By Megan Drysdale
Since Bill C-51 was introduced, an abundance of analyses and commentaries have been published, examining the contents and broad reach of the proposed legislation. The general threats to your rights are widely reported on, but what do these threats actually mean for you? Here are six ways that Bill C-51 could affect your day-to-day life:
Your private information will no longer be privateYour confidential information and interactions with the government will now be fair game for sharing between departments for many broad reasons, of which terrorism is only one. The bill explicitly permits someone who received information under the bill to use and disclose it “to any person, for any purpose.” Looking at the list of recipient institutions, this could include information about your health, passport applications and personal taxes, among other things. And despite claiming to not target Canadians, Canada’s intelligence agency CSE is also given access to your information in this bill.
Innocent words can be interpreted as terrorismBill C-51 broadens the scope of propagation crimes to include advocating or promoting “terrorism offences in general.” The wording of the bill is broad enough that a terrorist purpose is not required. Speaking privately about solutions to controversial conflicts or debating an academic opinion that “may” cause a listener to commit a terrorist offence could count as an indictable offence for you, regardless of your own intentions. “Being reckless,” as the bill describes it, can lead to up to five years in prison.
Online posts will be censoredUnder the bill, internet service providers and telecom providers would be required to remove any content that a judge considers terrorist propaganda, as well as anything that makes terrorist propaganda available. Linking to a video from a group like ISIS or Boko Haram could be blocked and taken down from your web and social media sites – even if you condemn the materials in your post. The bill would also allow for you to be identified and located for posting materials, despite your right to remain anonymous online.
Protesting could put you under government surveillanceAny activities that undermine the security of Canada, broadly stated to include interfering with critical infrastructure or the economic stability of Canada, are offences under Bill C-51. Lawful protests are excluded, but any protests and strikes that lack the proper permits would be fair game. Standing up to protect Aboriginal lands, protesting oil sands or pipelines, and being involved in RCMP-targeted environmental groups could lead to you being placed under increased surveillance or arrest if any of your activities are deemed “unlawful” – a term that could include not securing the appropriate noise by-law exemption for loud megaphone use after 7pm.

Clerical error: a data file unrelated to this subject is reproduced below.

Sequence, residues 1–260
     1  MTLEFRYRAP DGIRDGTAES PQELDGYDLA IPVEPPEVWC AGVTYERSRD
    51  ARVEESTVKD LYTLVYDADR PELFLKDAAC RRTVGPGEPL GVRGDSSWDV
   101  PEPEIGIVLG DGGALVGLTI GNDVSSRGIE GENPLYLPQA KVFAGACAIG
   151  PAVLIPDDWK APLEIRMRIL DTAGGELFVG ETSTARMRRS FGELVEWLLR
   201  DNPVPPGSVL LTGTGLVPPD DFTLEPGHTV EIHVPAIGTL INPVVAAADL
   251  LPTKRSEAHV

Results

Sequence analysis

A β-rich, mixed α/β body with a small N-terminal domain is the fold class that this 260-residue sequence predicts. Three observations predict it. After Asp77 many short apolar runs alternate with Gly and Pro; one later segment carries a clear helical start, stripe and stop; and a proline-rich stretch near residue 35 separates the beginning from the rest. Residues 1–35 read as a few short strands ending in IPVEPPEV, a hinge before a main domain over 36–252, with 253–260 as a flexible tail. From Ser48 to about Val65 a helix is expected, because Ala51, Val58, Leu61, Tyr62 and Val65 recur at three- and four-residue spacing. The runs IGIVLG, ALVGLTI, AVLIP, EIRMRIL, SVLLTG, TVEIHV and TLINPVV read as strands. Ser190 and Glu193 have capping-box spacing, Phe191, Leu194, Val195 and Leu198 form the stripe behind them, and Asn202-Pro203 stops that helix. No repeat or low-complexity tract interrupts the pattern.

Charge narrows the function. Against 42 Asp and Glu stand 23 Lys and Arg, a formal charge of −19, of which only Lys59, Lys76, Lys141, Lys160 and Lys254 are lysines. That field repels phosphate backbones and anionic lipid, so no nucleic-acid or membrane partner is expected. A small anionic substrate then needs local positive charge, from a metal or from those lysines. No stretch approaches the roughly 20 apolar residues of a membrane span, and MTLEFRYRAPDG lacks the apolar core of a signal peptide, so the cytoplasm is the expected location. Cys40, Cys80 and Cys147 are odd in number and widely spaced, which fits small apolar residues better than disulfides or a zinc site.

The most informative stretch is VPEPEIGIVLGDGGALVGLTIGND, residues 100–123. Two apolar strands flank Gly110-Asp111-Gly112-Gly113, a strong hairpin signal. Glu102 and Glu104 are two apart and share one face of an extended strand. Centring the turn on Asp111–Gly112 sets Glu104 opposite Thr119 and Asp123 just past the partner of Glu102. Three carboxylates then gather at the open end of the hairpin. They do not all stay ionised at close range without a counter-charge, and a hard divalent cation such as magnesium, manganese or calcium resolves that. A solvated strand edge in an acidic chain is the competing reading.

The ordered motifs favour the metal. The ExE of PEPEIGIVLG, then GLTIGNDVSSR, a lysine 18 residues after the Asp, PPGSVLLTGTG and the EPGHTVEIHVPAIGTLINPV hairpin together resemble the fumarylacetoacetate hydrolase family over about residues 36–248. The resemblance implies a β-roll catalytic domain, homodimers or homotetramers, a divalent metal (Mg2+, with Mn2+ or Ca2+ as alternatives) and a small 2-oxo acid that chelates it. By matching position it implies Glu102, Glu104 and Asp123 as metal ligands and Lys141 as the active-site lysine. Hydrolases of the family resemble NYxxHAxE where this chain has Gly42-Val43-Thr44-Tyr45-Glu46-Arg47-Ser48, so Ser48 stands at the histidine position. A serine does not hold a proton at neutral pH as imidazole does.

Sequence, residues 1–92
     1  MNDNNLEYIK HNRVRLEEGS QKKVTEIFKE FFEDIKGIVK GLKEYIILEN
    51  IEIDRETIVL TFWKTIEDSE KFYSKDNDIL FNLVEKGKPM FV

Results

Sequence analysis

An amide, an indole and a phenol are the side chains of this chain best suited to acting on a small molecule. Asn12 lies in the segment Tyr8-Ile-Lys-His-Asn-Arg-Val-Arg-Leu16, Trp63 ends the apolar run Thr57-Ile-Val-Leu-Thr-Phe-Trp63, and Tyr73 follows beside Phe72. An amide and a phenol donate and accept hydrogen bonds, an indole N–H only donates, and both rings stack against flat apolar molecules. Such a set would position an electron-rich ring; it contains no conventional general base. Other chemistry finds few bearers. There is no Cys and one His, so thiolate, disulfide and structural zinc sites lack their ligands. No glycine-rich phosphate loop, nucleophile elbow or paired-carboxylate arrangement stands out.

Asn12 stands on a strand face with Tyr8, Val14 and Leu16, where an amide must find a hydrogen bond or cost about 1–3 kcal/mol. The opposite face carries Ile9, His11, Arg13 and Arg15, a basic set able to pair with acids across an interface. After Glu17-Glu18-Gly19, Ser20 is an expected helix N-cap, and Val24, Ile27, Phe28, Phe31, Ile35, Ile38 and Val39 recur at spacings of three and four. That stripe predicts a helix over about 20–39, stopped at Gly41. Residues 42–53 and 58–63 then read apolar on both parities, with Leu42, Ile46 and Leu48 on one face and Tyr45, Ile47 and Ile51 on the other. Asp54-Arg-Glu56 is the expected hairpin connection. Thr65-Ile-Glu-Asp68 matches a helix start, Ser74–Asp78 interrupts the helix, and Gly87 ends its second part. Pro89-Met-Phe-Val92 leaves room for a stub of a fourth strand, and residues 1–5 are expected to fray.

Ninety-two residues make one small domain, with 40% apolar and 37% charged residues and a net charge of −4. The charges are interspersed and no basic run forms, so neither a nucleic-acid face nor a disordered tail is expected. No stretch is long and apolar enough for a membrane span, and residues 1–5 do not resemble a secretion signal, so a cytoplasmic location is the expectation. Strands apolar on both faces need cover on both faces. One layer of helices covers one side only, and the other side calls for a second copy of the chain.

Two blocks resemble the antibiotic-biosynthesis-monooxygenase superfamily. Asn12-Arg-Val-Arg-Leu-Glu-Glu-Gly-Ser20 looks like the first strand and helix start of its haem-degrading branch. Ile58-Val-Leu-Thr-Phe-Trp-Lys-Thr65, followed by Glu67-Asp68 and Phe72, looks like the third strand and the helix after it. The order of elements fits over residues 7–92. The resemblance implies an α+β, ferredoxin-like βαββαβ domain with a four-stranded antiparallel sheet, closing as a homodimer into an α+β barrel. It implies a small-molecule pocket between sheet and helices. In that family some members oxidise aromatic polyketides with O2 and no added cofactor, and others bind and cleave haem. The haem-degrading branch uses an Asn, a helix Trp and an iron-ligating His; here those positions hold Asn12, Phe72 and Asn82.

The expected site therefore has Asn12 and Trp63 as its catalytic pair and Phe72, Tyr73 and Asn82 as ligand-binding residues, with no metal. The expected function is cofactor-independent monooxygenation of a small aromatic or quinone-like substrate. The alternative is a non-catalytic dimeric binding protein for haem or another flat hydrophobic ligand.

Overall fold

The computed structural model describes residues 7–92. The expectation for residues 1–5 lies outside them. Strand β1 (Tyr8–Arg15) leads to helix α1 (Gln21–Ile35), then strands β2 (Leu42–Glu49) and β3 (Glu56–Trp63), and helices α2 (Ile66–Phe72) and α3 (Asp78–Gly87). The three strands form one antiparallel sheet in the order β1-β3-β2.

Your travel may be restricted without explanationBill C-51 expands the Passenger Protect Program so that the government can add anyone to the no-fly list that they suspect might engage in terrorism. People on the list could be denied boarding passes without being given a reason, and the threshold for inclusion on the list would be lowered from “immediate threat” to “reasonable grounds to suspect.” If you are placed on the list, attempts to be removed would involve a court procedure that lets the government request secret hearings that exclude you and your lawyer.
Your material possessions may be seizedCanadian customs officers will have increased powers to search your belongings and seize anything they consider terrorist propaganda, including “writings, signs, visible representations or audio recordings.” These search powers could include computer and phone searches, and would give border officials free reign to decide which materials to confiscate without oversight. A book or DVD with interviews or information about terrorist groups could be seized.
Want to learn more about this dangerous legislation? Check out our list of resources.
- Sign the petition: Join the over 200,000 Canadians who have spoken out against Bill C-51
- Email your MP: Tell your elected representative why you oppose this dangerous bill
Megan Drysdale is CJFE’s Editorial and Events Coordinator.